Matt Griffin and Andy Sewrey felt triumphant as they drove through Kabul on the back of a pickup truck. The brothers-in-law sat on 2,000 pairs of designer sandals they had just commissioned from an Afghan factory to launch their own business.
Their elation plummeted when they opened the burlap sacks and took a look at the footwear.
All of them had to be discarded because of flaws in raw materials the company bought from a Chinese supplier. There would be no reimbursements.
“We think everything is going so well and everything is falling apart,” Griffin remembered.
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But the former Joint Base Lewis-McChord soldier and his partners were not ready to give up on their swords-to-plowshares plan to spur a manufacturing economy in Kabul. They doubled down, buying materials for another batch of sandals on credit.
Two years later, their gamble is starting to pay off.
Headquartered in Griffin’s Issaquah garage, Combat Flip Flops today sells sandals from Colombia, jewelry from Laos and clothing from Afghanistan.
The Lakewood business Tactical Tailor plays a role, too, supplying laptop cases modeled on the bags the Army uses to hold Claymore mines.
The company doesn’t look exactly like what two former JBLM Army Rangers imagined when they dreamed up a way to make money while supporting overseas economies wracked by long-running violence. But it’s a going concern that helps pay salaries in three countries.
“Right now there are hundreds of people around the world depending on me to get this right,” Griffin, 35, told an audience at Tacoma’s TEDx conference last month.
His customers are buying into a business that Griffin says keeps Afghan girls in school while nurturing fragile economies. It funnels some of its profits into charities in the countries of its suppliers.
“We’re telling a story. We’re not just building a company. We’re building a community,” he said.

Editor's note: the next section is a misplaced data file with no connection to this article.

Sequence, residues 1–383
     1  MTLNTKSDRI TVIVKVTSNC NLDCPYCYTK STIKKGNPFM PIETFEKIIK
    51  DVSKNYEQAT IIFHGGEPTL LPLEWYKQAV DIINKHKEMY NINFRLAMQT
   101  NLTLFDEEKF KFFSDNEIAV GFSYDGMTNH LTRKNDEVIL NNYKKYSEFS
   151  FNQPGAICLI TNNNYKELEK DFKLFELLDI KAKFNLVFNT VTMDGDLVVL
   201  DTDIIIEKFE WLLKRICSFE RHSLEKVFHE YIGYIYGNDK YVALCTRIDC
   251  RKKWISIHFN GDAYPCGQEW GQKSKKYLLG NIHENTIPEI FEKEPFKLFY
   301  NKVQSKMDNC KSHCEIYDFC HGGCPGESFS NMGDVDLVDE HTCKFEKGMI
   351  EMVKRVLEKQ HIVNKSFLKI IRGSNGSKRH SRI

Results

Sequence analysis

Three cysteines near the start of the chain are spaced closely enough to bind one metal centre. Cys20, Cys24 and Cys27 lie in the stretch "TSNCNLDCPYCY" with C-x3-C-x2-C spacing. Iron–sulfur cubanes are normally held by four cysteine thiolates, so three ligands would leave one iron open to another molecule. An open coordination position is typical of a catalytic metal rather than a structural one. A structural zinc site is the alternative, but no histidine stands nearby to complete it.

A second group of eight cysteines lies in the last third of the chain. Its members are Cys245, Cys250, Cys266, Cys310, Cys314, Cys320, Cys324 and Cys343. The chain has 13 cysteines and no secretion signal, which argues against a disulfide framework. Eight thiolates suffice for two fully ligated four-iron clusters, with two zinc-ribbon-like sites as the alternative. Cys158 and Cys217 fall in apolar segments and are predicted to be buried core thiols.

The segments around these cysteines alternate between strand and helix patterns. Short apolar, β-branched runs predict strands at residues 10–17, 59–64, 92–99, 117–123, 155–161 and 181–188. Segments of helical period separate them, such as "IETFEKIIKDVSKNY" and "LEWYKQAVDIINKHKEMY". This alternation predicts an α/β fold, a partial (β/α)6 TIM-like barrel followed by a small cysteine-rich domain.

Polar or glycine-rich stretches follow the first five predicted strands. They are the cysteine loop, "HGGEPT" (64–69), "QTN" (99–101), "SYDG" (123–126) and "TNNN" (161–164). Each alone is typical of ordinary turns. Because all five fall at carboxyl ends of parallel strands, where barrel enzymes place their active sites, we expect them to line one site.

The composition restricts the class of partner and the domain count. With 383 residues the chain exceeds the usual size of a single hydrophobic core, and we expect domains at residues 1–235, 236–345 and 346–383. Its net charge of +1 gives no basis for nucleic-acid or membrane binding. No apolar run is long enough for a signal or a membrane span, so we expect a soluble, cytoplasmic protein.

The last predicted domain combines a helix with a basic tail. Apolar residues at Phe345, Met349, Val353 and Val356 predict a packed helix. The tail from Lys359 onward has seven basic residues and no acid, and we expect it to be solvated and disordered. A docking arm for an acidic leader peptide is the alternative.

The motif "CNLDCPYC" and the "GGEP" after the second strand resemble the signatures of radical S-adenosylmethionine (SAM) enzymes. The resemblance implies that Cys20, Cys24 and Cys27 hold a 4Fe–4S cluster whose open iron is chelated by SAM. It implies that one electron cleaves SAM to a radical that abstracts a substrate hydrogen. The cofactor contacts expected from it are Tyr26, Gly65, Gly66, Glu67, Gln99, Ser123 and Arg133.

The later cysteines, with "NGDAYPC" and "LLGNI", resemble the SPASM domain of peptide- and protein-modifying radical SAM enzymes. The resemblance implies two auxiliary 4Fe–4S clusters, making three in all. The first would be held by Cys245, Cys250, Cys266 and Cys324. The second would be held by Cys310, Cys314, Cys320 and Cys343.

That story began 11 years ago, on Griffin’s first deployment to Afghanistan with JBLM’s 2nd Battalion, 75th Ranger Regiment.
While hunting al Qaida insurgents in Afghanistan’s imposing mountains, Griffin encountered “mind-blowing” sights for a young man on his first overseas mission.
His team slept in classrooms. Children would come to class every day to help them clean up and clear out so the students could get to their schoolwork.
One day, a curious girl approached Griffin’s team, a group of men he describes as “steely-eyed, barrel-chested freedom fighters.”
He handed her a pencil and watched her face light up.
A moment later he heard the sound of a fist cracking into her face. It was her older brother swiping the pencil and punishing her for interacting with the Americans.
The memory lingered with Griffin, a symbol of what could be lost if the West leaves Afghanistan abruptly and enables a Taliban resurgence.
“This girl never, ever, ever would have gotten that handed to her,” he said. “Then her brother comes over and just smacks the taste out of her mouth. It stayed with me as a metaphor of what could happen if we didn’t steward the gifts that are given.”
Griffin returned to Afghanistan several times over the years, twice more with the Rangers and then in support of a defense contractor.